Domestic worker law goes into effect today

A new law protecting the rights of domestic workers became law Wednesday, a measure that could help improve the lives of thousands of people who care for children and clean homes, many of them women immigrants.

The law took years of work by local and national advocates for domestic workers, who will celebrate its adoption at an event in Boston Wednesday night. But enforcement of the law is just beginning, and it is tricky territory for workers, employers, and government officials.

“The law and these regulations make clear that domestic workers have rights just like employees in more traditional workplaces,’’ Massachusetts attorney general Maura Healey said in a statement. “These regulations acknowledge the unique environments these workers are employed in and reinforce the responsibilities employers have for ensuring those rights are protected.”

Healey has filed draft regulations today to support the law, outlining her office’s authority to investigate violations and enforce the law.

The new rules include ensuring that home workers are paid no less than the $9 minimum wage and that they receive at least one day off a week and two consecutive days off per month for a live-in worker who puts in more than 40 hours a week. They also should get reasonable rest periods, whether paid or unpaid, and the right to privacy and to stay in touch with their family and friends.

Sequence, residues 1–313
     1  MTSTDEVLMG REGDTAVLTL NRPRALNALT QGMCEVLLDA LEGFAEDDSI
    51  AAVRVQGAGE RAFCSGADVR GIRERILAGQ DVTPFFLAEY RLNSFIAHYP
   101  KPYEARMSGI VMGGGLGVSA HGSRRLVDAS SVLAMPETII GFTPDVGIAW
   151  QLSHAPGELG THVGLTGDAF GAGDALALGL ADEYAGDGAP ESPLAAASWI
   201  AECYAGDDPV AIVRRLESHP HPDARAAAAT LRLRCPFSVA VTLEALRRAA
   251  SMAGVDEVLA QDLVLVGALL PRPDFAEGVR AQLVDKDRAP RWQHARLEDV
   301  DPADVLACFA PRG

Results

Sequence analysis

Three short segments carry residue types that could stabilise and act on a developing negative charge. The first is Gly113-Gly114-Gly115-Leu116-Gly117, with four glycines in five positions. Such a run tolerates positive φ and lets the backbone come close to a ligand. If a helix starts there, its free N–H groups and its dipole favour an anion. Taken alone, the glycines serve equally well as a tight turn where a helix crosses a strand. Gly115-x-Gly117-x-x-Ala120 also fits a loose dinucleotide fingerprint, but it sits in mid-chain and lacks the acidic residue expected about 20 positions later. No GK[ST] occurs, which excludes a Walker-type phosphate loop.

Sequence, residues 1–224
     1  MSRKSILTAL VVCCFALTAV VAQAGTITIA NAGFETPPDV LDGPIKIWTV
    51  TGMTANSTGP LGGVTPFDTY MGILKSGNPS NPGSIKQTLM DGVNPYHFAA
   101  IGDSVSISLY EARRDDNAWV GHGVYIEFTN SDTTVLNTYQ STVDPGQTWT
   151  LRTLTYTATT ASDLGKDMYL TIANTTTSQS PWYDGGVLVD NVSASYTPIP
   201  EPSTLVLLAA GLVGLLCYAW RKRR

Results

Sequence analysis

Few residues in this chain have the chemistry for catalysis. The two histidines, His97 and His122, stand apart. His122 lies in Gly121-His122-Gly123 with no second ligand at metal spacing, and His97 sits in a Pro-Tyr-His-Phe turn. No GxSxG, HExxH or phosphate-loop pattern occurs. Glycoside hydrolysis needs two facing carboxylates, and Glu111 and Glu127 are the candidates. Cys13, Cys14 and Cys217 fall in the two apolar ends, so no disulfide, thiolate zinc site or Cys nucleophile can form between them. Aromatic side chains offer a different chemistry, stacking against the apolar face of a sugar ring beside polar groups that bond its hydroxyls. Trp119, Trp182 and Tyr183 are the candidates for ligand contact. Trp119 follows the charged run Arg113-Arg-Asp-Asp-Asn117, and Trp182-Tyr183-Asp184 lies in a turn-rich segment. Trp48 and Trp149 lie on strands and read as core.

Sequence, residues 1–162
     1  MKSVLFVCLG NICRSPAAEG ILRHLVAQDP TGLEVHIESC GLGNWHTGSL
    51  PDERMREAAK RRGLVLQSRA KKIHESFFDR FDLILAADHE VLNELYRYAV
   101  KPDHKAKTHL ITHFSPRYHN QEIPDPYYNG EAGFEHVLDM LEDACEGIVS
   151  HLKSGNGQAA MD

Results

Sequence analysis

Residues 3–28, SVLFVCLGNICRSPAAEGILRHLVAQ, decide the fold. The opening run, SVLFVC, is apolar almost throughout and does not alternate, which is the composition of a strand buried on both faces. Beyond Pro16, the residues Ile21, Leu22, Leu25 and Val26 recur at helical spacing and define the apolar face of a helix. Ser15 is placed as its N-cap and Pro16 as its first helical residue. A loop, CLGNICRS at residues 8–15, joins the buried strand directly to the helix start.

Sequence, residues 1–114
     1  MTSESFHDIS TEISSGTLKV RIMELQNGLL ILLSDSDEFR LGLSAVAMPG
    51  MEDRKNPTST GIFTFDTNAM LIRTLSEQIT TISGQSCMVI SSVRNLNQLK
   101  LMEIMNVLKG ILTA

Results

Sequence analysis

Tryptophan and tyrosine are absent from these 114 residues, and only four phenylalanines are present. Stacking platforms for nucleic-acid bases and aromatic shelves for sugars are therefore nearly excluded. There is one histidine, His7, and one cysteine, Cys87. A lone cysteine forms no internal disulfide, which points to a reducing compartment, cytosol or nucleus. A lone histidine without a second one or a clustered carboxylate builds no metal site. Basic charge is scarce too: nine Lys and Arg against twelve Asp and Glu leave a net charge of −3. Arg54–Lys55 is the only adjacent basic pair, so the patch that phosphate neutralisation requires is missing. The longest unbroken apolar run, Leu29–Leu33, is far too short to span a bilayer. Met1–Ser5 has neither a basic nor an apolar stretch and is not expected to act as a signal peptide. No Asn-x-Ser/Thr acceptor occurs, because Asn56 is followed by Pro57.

Many of the rules seem like common sense, officials and advocates say, but domestic workers are more isolated than other employees and often have verbal arrangements with employers, instead of written ones that both parties can agree on. One of the new rules requires that workers receive written notice on the terms of their employment, including vacation and sick leave policies.

“Today, we take another step forward with the Domestic Workers’ Bill of Rights becoming law,” said state Senator Anthony Petruccelli, a Democrat from East Boston and a sponsor of the bill, in a statement. “Our work to restore employment equity and extend new protections to domestic workers provides the same standard of care and diligence that is provided in the homes of their employers.”

Part of the challenge will be educating both employers and workers about the new law. The attorney general’s staff will be holding educational meetings for nannies, housekeepers, and other home workers, many of whom are new to this country, with modest incomes and still learning English.

Many domestic workers who are underpaid or mistreated in other ways are afraid to come forward. They fear not only losing their jobs and their wages – and sometimes their living quarters – but facing deportation depending on their immigration status. The law and the regulations protect workers regardless of their status, according to the attorney general’s office.

Under the new law, employers are specifically prohibited from taking passports and other personal documents from domestic workers, and from retaliating against those who assert their rights under the new law. The regulations also clarify appropriate deductions for food and lodging, an area abused by some employers, as well as workers’ right to overtime, sick time, and parental leave.

There is a public comment period on the attorney general’s regulations until May 15, and there will be a hearing on May 8.

Beth Healy can be reached at beth.healy@globe.com. Follow her on Twitter @HealyBeth.